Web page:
As Tech Selloff Worsens, Options Traders Brace for More Bleeding
(Bloomberg) -- U.S. technology stocks are on pace for their biggest weekly drop since March, and someone in the options market is betting that things are going to get worse before they get better.
Hedging picked up Thursday in the Invesco QQQ Trust, an exchange-traded fund that tracks the Nasdaq 100 Index, as one investor bought quarter-end puts with a strike price of $174, initiating a bet the fund will fall 4 percent from current levels. It was the biggest trade of the day among all contracts on the $71.7 billion fund. While the ETF, commonly known as QQQ for its ticker symbol, has dropped more than 3 percent since the end of August, an additional 4 percent slump over the next few weeks would hardly be a unique selloff.
In 2018, the fund has fallen an average 6.8 percent from peak-to-trough five times, with the selloffs ranging from as long as six weeks to as short as seven days. Each recovery from a double-digit drop earlier in the year started well above the ETF’s 200-day moving average. The more recent, shallower slumps found support at the 50-day line.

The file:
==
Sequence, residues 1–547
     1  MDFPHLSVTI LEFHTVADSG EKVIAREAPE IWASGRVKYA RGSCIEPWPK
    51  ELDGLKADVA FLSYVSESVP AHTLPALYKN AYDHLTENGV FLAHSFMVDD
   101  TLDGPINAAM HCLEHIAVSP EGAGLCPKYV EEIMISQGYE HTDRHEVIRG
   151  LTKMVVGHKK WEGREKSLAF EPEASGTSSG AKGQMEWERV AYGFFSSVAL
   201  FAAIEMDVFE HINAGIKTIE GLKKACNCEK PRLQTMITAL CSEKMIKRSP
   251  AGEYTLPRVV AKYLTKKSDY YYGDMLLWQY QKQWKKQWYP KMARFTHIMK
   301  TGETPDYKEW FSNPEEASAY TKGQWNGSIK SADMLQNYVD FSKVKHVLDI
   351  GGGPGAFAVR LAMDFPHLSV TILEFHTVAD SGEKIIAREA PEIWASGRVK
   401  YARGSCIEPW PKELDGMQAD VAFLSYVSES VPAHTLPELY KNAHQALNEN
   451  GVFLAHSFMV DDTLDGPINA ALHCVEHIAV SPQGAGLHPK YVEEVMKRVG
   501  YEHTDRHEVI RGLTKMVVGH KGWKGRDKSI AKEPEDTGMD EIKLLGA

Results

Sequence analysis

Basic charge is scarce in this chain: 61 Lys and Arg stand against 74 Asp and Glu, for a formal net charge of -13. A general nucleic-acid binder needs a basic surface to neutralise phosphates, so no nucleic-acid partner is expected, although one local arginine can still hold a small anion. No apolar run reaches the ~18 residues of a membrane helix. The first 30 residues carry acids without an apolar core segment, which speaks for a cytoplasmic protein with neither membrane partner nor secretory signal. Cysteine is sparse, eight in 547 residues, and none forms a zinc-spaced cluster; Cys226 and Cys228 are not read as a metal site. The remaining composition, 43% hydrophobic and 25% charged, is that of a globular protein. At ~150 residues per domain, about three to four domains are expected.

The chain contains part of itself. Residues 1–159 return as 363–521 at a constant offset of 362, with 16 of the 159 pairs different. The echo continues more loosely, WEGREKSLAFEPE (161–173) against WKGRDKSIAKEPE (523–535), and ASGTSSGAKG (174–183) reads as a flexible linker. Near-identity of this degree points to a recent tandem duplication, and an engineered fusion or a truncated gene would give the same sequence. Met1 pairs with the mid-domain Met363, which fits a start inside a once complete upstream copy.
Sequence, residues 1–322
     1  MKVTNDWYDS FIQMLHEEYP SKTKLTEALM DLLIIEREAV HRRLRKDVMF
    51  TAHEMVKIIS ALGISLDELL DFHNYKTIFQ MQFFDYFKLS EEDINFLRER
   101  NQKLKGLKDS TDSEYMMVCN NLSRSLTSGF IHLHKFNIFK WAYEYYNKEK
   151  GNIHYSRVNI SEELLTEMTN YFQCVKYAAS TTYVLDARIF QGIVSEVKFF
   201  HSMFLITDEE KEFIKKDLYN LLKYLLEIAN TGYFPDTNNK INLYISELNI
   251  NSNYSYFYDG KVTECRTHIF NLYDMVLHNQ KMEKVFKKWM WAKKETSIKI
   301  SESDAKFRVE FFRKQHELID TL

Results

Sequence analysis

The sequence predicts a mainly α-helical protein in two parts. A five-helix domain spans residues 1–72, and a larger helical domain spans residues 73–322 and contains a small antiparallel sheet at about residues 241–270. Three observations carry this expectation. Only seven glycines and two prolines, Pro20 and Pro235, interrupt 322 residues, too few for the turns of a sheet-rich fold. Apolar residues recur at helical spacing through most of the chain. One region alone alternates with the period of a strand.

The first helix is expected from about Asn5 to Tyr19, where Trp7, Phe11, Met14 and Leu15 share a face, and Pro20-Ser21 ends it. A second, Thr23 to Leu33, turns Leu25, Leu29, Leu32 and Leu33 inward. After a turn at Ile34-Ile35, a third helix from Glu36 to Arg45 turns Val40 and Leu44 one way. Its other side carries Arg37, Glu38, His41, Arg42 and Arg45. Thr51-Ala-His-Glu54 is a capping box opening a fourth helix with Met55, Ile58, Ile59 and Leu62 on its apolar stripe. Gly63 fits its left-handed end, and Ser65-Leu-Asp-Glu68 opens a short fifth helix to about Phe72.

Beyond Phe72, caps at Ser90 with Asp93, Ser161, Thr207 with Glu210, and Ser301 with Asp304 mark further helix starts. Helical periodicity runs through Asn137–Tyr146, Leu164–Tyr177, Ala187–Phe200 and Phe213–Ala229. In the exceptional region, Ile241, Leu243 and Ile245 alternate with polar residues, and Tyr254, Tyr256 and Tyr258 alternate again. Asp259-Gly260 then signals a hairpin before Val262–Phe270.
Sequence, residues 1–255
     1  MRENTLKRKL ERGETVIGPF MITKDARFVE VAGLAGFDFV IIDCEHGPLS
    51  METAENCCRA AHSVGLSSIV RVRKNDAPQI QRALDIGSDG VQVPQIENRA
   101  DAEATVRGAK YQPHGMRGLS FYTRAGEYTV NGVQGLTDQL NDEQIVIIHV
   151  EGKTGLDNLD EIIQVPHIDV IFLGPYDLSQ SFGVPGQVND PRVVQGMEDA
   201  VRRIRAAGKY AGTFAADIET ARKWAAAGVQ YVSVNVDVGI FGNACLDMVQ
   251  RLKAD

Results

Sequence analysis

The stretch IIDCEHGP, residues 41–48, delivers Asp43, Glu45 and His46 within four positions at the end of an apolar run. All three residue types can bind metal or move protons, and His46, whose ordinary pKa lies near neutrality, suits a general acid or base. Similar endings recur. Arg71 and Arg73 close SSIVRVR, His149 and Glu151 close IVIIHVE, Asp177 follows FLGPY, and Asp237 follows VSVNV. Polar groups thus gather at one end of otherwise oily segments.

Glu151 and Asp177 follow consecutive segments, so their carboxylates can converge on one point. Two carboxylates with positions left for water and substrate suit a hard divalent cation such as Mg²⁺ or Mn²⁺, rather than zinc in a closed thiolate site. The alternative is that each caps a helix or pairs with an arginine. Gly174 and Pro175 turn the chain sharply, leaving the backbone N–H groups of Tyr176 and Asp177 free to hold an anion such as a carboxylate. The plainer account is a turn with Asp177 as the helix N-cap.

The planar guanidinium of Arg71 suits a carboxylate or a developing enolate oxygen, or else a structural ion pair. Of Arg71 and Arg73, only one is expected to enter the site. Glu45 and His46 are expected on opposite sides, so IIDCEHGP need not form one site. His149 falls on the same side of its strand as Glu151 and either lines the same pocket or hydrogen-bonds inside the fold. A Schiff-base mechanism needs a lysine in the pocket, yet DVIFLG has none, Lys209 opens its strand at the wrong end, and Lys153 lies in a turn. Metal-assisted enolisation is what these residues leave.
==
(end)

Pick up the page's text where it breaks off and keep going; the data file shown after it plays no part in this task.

With large-cap technology companies such as Facebook Inc., which makes up 4.6 percent of QQQ’s holdings, under scrutiny from the U.S. government, buying short-term protection through put options seems to be the right trade. If trends from earlier in 2018 continue, the latest technology selloff shouldn’t last too long.
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